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In Good Conscience: Reason and Emotion in Moral Decision Making.

Individuals shape their own characters and create their moral careers by large and small moral decisions. We interpret our social worlds and select our own environments, as well as the other way around. Yet at the same time, no individual is self-created de novo, nor can anyone live a moral life alone. The self is always partially constituted by a history of interpersonal relationships within a specific community and culture. This sociality is particularly influential during the formative period of infancy and childhood when an individual learns a language and the culture's rules. (p. 199)

So reads Sidney Callahan's creed. It is of course the creed of most of us who live in modern America. Accordingly this is a passionate book that is written in the hopes of making us capable of living appropriate to our own best moral commitments. Thus the stress on conscience, decisionmaking, and in particular the emotions. As Callahan says,

I think we best make decisions of conscience through an integrated, recursive process in which we direct and focus attention back and forth, within and without, activating, mutually testing, and monitoring all our human capacities of thinking, feeling, and self-consciousness. We can consciously use our reason to test our reasons, emotions, and intuitions, and use emotions and induced intuitions to monitor our reasoning and other emotions. We can simultaneously pursue overt, rational problem-solving strategies, while activating and paying attention to our inner, psychological subjective processes of intuition and feeling, which may be no less important. In a decision of conscience, I seek a holistic fusion and unified resolution of the different levels and different capacities of my self-consciousness and moral agency. (p. 115)

So Sidney Callahan has written what is in many ways an old-fashioned book about a very modern conception of morality. Several times she quotes Bishop Butler's Ermons and in many ways her book is comparable to his sermons. For though her book, like his Sermons, is now called "ethics," his and her work is much "thicker" than the word we usually associate with that genre. Thus her emphasis upon conscience is to remind us that our lives morally consist of "self-committed moral action" in which our decisions are "infused with wholehearted self-investment" (p. 23). Analysis has a role, but it is nothing without "wholeheartedness."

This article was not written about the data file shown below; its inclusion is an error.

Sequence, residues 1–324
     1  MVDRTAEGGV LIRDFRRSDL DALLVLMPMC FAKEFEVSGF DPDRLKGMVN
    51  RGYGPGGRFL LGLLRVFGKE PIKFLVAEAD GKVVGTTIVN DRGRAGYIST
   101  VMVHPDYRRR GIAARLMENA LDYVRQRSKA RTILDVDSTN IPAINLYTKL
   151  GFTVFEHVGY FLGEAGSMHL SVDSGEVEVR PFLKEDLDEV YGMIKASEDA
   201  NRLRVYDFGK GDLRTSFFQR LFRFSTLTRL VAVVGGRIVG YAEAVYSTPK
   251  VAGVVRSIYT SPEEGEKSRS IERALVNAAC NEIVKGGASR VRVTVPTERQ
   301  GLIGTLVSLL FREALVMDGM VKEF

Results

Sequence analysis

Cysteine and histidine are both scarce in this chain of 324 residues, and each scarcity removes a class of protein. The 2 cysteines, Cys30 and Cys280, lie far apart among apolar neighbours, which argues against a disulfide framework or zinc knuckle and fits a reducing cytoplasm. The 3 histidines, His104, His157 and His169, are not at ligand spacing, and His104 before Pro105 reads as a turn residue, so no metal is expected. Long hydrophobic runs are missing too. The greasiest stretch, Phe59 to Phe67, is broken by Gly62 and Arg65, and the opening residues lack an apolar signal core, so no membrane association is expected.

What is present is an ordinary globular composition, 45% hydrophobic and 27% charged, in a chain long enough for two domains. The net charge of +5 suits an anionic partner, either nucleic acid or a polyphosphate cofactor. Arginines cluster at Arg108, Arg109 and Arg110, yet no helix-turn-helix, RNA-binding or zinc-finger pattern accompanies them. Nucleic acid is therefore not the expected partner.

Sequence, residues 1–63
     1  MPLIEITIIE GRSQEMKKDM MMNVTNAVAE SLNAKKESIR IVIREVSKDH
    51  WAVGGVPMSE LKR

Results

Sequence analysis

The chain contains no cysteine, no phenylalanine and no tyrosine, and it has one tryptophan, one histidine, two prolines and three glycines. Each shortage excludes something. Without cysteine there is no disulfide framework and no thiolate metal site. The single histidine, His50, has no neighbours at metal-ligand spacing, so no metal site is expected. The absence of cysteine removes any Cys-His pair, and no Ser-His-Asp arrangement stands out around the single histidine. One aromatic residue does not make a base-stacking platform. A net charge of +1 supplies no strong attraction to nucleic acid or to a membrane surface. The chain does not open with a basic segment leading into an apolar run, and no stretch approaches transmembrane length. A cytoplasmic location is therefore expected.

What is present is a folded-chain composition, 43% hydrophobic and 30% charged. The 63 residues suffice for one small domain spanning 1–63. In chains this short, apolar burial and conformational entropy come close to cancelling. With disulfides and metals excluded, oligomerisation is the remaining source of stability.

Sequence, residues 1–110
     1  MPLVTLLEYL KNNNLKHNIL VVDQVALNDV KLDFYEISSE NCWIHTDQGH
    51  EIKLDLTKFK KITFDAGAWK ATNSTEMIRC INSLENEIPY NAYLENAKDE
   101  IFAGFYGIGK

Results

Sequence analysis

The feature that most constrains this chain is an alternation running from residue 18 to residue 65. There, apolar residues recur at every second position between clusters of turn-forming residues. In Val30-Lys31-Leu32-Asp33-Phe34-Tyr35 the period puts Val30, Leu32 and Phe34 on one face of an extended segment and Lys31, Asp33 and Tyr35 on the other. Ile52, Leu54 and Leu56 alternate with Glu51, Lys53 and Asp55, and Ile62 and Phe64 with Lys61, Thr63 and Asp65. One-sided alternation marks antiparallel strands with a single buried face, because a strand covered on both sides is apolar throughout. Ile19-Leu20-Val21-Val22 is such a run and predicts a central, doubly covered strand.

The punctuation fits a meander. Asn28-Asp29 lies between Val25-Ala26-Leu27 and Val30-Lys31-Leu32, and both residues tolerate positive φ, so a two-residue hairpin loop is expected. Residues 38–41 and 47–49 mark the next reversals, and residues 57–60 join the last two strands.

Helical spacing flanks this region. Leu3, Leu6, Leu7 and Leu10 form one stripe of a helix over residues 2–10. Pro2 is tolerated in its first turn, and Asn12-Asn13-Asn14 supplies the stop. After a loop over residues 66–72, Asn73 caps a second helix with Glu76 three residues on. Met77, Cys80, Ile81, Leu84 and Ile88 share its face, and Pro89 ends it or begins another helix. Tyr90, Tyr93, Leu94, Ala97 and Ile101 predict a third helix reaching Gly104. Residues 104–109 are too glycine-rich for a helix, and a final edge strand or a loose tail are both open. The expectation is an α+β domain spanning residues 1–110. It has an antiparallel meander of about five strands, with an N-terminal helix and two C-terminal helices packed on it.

Callahan's book is therefore based on the claim that all moralists, religious and secular, share the basic consensus that the self-conscious person exists and accordingly all moral decisions can be oriented to doing good and avoiding evil (p. 32). She develops this claim by drawing on philosophical and psychological resources. Indeed one of the most attractive aspects of the book is its multidisciplinary and wide-ranging character. She is not afraid to draw on wisdom wherever she finds it, since her task is not to contribute to a field, but rather to help us all live better, or at least to think better about how we ought to live better.

Her chapters on reason, intuition, and emotions are, as one would expect, filled with rich material. She draws on a wide range of philosophical and psychological analyses to develop a complex account of the role of intuition and emotion in the moral life which in no way denigrates the significance of reason. This is not simply another appeal for the significance of emotion to be considered by those who overemphasize the place of reason, but rather she helps us see how the well-lived life is constituted by what Aquinas described as "reasoned desire." I found particularly helpful her account of how emotions tutor emotions, as so often we forget that, as she puts it, only love can cast out fear. In like manner she reminds us that the great problem of the moral life is not, as is often said, that our reason is distorted by our emotions, but rather that we lack sufficient emotional responses. The problem is not that we feel to much, but that we do not feel at all.